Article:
|Re: Aggressive optimization firstname.lastname@example.org (1990-10-18)|
|Re: Aggressive optimization email@example.com (1990-10-19)|
|Re: Aggressive optimization firstname.lastname@example.org (1990-10-20)|
|Re: Aggressive optimization baxter@zola.ICS.UCI.EDU (Ira Baxter) (1990-10-23)|
|Re: Aggressive optimization email@example.com (1990-10-23)|
|From:||firstname.lastname@example.org (Dan Bernstein)|
|References:||<1458@exodus.Eng.Sun.COM> <13405:Oct1800:22:email@example.com> <firstname.lastname@example.org>|
|Date:||18 Oct 90 17:18:00 GMT|
[Copied from comp.lang.misc -John]
In article <email@example.com> firstname.lastname@example.org (Eerke Boiten) writes:
[ after my description of the most general optimization technique ]
> A useful technique, indeed (called "strength reduction" in optimising
> compilers, "finite differencing" in transformational programming).
Huh? The strength reduction and finite differencing that CS majors learn
is absolutely trivial compared to what anyone can do by hand. As I said,
walking through an array is only the simplest example.
Does anyone have a compiler that can introduce a non-linear intermediate
expression and reduce around it? If so, I'm impressed. How advanced is
the symbolic algebra system included in the compiler? Can it take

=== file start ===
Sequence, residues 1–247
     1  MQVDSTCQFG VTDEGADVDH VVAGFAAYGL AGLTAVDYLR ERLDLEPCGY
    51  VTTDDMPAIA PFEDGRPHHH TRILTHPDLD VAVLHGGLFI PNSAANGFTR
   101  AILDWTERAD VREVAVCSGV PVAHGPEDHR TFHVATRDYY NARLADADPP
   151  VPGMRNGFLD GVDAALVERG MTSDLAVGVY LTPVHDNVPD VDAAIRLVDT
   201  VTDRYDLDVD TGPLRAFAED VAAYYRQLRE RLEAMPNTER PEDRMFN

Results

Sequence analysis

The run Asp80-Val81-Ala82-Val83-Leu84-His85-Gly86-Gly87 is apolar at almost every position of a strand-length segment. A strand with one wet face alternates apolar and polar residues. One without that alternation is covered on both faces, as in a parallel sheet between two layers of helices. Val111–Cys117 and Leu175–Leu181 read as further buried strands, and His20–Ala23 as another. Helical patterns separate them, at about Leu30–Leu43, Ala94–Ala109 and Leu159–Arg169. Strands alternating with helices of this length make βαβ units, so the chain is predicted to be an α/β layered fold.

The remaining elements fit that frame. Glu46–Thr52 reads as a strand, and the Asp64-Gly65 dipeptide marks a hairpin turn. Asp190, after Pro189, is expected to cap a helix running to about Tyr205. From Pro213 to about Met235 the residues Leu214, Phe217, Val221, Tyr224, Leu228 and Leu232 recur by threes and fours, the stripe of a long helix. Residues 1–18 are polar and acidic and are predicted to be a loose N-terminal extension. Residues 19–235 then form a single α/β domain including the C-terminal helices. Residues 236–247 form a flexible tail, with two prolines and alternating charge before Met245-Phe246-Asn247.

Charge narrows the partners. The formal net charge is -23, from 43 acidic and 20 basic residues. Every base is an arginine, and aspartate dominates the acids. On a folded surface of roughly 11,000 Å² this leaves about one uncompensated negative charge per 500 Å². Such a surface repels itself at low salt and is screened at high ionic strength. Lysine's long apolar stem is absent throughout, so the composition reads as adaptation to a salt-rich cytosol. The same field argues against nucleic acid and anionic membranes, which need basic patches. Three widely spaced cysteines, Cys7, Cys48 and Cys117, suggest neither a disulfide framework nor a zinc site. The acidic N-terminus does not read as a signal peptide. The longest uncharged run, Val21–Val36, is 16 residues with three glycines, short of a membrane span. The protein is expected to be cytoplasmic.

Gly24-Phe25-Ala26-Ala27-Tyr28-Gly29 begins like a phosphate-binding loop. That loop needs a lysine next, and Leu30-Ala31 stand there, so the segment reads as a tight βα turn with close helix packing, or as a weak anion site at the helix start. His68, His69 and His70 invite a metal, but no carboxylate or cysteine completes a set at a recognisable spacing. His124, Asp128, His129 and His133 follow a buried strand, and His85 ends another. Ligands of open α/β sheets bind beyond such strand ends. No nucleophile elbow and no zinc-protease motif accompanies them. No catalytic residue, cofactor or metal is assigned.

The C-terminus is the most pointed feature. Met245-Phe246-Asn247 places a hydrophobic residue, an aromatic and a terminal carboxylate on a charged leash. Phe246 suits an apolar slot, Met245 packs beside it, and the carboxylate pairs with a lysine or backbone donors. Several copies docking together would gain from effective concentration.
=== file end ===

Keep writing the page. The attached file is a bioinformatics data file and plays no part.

advantage of range constraints, so that if it knows that x is between 0
and 7, it might set up a table to calculate ((1<<(x+2))-1)/10 quickly?
Can it manipulate floor and ceiling expressions? Can it introduce
invariants to figure out range constraints? These are all part of that
single, fundamental optimization technique.
I know, compilers are improving. Some optimizers fully automate the
dullest, most machine-dependent part of optimization---viz., figuring
out how often loops or branches are executed in practice, seeing how
long machine instructions take, and deciding on that basis whether a
given optimization is worthwhile. I really appreciate that. I won't stop
hand optimization because of it.
> >And I'm not going to introduce subtle bugs in weird cases with unsafe
> >program transformations.
> Tell me, what do you mean by unsafe program transformations?
> Hand optimisations?
``Neither -O3 nor -O4 should be used when compiling either device
drivers, or programs that modify external variables from within signal
> Of course, finite differencing is relatively safe
> since you introduce redundant information most of the time.
It's exactly this attitude of ``finite differencing is the only
optimization in the world'' that leads people to think that hand
optimization is useless. Both the attitude and the conclusion are
> By the way, there *are* systems that help you in
> applying source-level optimisations.
I'm perfectly willing to use whatever's out there. I'm not willing to
pretend that current compilers can figure out any reasonable level of
optimization for me.
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